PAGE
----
They were standing in line when I entered and I still could hear her, only the things she said vocally. The man she was with was no help, he only wanted to ask her out on a date, but knew now wasn’t the best time for that question, especially with Katrina. She apparently wouldn’t take kindly to a come on at this ungodly hour and he’d worked too hard to build their friendship to blow it at the wrong time.
She had a strong jaw, and dainty nose, the perfect mix of brutal and gentle.
I nearly didn’t recognize my phone buzzing until the man in the pressed suit standing in front of me looked back with annoyance. HE wasn’t someone who let his phone ring, no, HE answered his calls right away.
“May, thank you,” I spoke, indicating for the man to turn back around when he continued to stare. “Please tell me you can do it.”
“I can, but it’ll be a little while, the kids don’t go to recess until eleven.” May had been my roommate since my sophomore year of college when we moved out of dorms and into our own apartment building. She wasn’t exactly the most likable person, never being for the faint of heart nor the insecure. Yet, she was the greatest friend I’d ever had.
When I had told her about my ability two years after meeting, she confessed how she had an overactive bladder.
We were practically the same.
“That’s fine, thank you for continuing to be the best.” I breathed a sigh of relief, temporarily forgetting about the woman whose thoughts went silent to me. Though she had every right to privacy, I wanted to know how she did it, who she was, where she came from.
“You need a girlfriend.” May disconnected the phone quickly after a child started screaming in the background, a normal ending to our conversations while she attempted to teach the youthful minds of Chicago.
‘I didn’t mean to hurt her.’ The businessman in front of me broke through and I took a closer look at him, seeing how shifty he was. ‘She wasn’t supposed to be there.’ He rubbed his neck, stretching his shoulders.
I couldn’t see thoughts, only hear, and while my skin prickled knowing an innocent woman was probably hurt somewhere, I remained resolved to stick to myself since I would never be able to explain how I knew.
My fist clenched.
‘Interesting. Do you read all thoughts or only the ones that you want to indulge in?’ Asked a voice up ahead, and I looked up to find Katrina leaning on the counter, waiting for her drink. When we locked eyes, she grinned in triumph. “Such a puppy.” The wall went back up. I was left flushed, as though my thoughts had just been exposed.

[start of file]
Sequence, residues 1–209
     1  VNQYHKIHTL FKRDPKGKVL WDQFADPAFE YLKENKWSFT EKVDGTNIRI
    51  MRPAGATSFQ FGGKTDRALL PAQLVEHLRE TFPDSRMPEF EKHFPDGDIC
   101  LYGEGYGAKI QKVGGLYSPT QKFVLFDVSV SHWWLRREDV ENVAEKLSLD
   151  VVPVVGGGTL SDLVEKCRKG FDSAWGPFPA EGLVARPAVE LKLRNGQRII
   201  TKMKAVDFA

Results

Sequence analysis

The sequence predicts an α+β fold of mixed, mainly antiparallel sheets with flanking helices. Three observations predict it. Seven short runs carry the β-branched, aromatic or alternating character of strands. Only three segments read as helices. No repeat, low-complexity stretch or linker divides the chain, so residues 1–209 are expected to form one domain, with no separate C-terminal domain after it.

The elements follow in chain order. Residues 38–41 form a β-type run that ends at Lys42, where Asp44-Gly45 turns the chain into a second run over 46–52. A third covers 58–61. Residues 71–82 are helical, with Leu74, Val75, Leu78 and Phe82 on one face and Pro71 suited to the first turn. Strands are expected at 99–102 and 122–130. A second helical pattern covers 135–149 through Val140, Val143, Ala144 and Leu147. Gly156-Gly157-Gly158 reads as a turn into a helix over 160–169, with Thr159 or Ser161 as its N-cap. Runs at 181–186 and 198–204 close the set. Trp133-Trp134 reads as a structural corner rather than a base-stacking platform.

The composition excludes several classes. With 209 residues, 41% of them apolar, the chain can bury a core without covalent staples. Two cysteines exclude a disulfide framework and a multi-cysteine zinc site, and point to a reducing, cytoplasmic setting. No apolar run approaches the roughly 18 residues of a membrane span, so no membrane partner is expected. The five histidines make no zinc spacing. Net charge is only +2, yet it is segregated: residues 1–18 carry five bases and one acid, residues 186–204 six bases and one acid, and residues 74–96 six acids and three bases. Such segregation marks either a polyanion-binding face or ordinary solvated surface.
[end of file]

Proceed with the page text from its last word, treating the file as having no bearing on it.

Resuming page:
What an uncomfortable feeling.
I watched her friend get his drink, winking at me before walking past and out the door, leaving me in the overcrowded shop with a possible abuser and a woman with the sniffles whose thoughts were focused on her recently deceased dog, Patches.
My five-minute walk to the office was filled with what seemed to be a million buzzing bees, refusing to get drawn into any other conversations when my mind was too focused on what had just happened. Never before had I met someone who knew about my ability, or any abilities in general since there were rumors of others going around the media.
I would never see her again, nor would I receive an answer to a question asked many times in the late hours when everyone slept in the apartment building and I sat out on our fire escape smoking, looking to the stars while wondering what else was out there.
Who else was more accurate, but I was frightened of the change I felt stirring about once I sat down in my chair in my cubicle, ready to make more reports for the insurance company I was employed by.
This was why I always needed to remember the rules, especially number one, to never forget the goddamn headphones. I would have had a normal day if I hadn’t done that.
A knock startled me from my thoughts hours after leaving the office, having waited until May went to sleep before escaping into my own thoughts outside our kitchen window. I immediately put out the lit cigarette, staring at the door to make sure it had been real, trying to grasp at any sound on the other side of our home entrance.
Sometimes May’s boyfriend stopped over late at night, so I climbed in through the window and walked through the kitchen to the door, opening it with a grin turned to shock.
There stood Katrina with a raised eyebrow and mind of steel, dressed in a blue hoodie with her hair held back by a high ponytail.
“They know about you.” She said as if I knew who ‘they’ were. “Pack your things, we got to go.”
I looked to my headphones, remembering the rule I forgot to follow.